Alger Hiss' most personal comments appear in four short paragraphs at the end of his book. Summing up, Hiss writes:
The ordeal of fighting false charges has disrupted my life and has brought pain to me to to my family. But nothing can take away the satisfaction of having had a part in government programs in which I strongly believed. I feel deep satisfaction that I took part in the creative efforts of the New Deal and in the formation of the United Nations.
Unfortunately for the layman, this is one of the few times in the book that Hiss expresses any of his inner thoughts. For the most part, In the Court of Public Opinion is another legal defense of Alger Hiss, witness and then defendent. It is as disappointing to those liberals who expected Hiss to write passionately about his generation of "bright young men," as it is to those who believed that Hiss would finally break down and admit that Whittaker Chambers was telling the truth after all. Hiss never swerves from his past testimony, denying all of Chambers' assertions, including the two counts of perjury on which his second jury found him guilty.
The book begins with his first appearance before the House Committee on Un-American Activities on April 5, 1948, and closes with the Supreme Court's refusal to review the case on April 27, 1953, and in between there are Hiss' interpretations of the hearings, trials, and fruitless appeals. He selects the testimony he discusses with great care to prove to the world that Whittaker Chambers lied about Alger Hiss. He blames his jail term on a succession of misfortues--a bad political climate. an irresponsible grand jury; an inefficient second judge (Henry W. Goddard); an unscrupulous prosecutor (Thomas Murphy); and a poor Court of Appeals judge (Harrie B. Chase).
Although almost all of Hiss' views have been printed at length in Alistair Cooke's A Generation on Trial, he does expound his lawyers' amazing thesis about the now-famous Woodstock typewriter Number 230099. Hiss devotes considerable space to discussing this typewriter, introduced at both trials by Hiss' lawyers as the machine on which the "Baltimore Documents," a series of sections from State Department papers, were typed. Chambers said that Hiss' wife had typed the documents on that machine, and that Hiss had given the papers to him. Hiss denied this, and this led to one of the perjury counts in the indictment.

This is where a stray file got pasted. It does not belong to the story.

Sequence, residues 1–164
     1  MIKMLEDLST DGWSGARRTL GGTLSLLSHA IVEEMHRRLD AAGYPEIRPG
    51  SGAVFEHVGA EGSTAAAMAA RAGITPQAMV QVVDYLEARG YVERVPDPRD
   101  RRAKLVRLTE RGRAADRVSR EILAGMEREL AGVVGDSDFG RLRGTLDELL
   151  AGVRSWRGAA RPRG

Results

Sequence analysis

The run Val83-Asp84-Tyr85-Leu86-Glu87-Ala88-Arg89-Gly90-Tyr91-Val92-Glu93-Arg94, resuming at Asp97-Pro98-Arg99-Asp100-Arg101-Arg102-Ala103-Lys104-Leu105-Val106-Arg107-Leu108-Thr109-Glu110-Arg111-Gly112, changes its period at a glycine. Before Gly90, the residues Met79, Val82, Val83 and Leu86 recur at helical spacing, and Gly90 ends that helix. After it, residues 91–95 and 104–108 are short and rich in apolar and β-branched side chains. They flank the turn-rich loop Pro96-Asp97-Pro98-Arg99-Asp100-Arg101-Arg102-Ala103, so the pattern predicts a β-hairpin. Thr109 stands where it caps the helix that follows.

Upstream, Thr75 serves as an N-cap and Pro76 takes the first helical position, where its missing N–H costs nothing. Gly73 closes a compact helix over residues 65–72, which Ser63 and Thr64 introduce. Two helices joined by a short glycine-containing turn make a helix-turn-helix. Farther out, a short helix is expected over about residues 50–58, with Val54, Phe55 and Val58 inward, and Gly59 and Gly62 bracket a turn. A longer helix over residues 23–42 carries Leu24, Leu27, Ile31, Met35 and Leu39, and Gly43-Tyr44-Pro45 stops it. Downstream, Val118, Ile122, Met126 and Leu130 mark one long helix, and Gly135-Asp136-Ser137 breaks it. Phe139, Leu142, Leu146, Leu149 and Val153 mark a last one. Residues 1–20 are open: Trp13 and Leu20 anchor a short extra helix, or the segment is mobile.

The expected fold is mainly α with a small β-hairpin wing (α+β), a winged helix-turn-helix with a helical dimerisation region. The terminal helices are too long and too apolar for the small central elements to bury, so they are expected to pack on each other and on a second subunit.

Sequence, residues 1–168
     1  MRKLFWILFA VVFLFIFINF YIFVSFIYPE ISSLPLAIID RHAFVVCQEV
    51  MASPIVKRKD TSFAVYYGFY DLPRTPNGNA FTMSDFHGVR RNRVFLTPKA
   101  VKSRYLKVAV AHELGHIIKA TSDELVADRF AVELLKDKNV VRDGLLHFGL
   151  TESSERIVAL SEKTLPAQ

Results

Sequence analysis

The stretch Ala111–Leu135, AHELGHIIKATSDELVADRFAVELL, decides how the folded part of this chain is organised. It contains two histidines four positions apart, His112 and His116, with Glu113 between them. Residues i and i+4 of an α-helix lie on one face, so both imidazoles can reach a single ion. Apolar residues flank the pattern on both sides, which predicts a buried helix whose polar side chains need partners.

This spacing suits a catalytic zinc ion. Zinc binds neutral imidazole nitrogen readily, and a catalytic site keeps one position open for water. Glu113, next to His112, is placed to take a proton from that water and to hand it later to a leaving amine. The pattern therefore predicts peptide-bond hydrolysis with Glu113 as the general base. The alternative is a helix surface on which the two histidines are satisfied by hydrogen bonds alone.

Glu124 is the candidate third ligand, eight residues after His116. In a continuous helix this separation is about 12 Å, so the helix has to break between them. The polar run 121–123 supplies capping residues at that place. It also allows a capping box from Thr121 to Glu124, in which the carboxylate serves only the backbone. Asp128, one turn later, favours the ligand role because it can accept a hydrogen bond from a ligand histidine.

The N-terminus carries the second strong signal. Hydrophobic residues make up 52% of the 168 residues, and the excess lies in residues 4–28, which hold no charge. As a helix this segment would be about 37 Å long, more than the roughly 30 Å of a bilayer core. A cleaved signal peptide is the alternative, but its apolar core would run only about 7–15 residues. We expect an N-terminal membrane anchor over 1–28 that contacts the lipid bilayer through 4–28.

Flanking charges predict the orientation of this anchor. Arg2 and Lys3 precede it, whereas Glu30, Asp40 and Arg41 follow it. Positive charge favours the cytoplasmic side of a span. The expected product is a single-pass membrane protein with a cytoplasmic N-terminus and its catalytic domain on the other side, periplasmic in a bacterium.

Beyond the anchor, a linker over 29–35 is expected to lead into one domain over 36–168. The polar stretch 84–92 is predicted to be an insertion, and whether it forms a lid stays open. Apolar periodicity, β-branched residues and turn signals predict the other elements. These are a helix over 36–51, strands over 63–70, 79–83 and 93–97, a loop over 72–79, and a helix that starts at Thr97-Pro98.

Hiss' lawyers' thesis is that the Number 230099 was a fake, "a deliberately fabricated job . . . planted on the defense." Through a succession of analyses by document experts, metallurgists, and typewriter officials, Hiss' lawyers proposed that Number 230099 is actually an old Woodstock--too old to have been Hiss'--with a set of new typefaces similar in design to those on Hiss' model. The defense asserted that Chambers made this imitation typewriter between August and November of 1948, typed out these documents on them, and then planted the typewriter where the defense would find it later.
It is this type of evidence that makes the Hiss case so puzzling. If this typewriter thesis is true, then there is no doubt but that Chambers has lied, and that Hiss was "framed." But the whole story of a fake typewriter seems so fantastic that it is virtually impossible to accept. One asks over and over, how could Chambers in 1948 have found the time and seclusion necessary to make a bogus typewriter, and then plant the machine so that Hiss' lawyers would "discover" it later? Why would he not destroy the machine instead of leaving himself open to possible suspicion of forgery?
Yet as one plods through the cold, carefully-worded book, Hiss' persistence does have its effect. Hiss certainly "appears" right in much of his attack on Chambers' testimony, and he is often convincing in offsetting incriminating evidence. But it is this legal approach to the case that detracts the most from the book. The work is a microscopic observation of the whole Chambers-Hiss case from Hiss' point-of-view, a point-of-view already well-known. Hiss tells the reader little about his intellectual background, especially his attitude toward radicalism, something that is crucial to the whole Case. One wonders why he does not treat the events before 1948 more freely; why we do not meet his friends of the thirties; and why we do not learn more about his political views. These are some of the questions that one hoped Hiss would answer in his book, but which, for reasons of his own, he declined to do.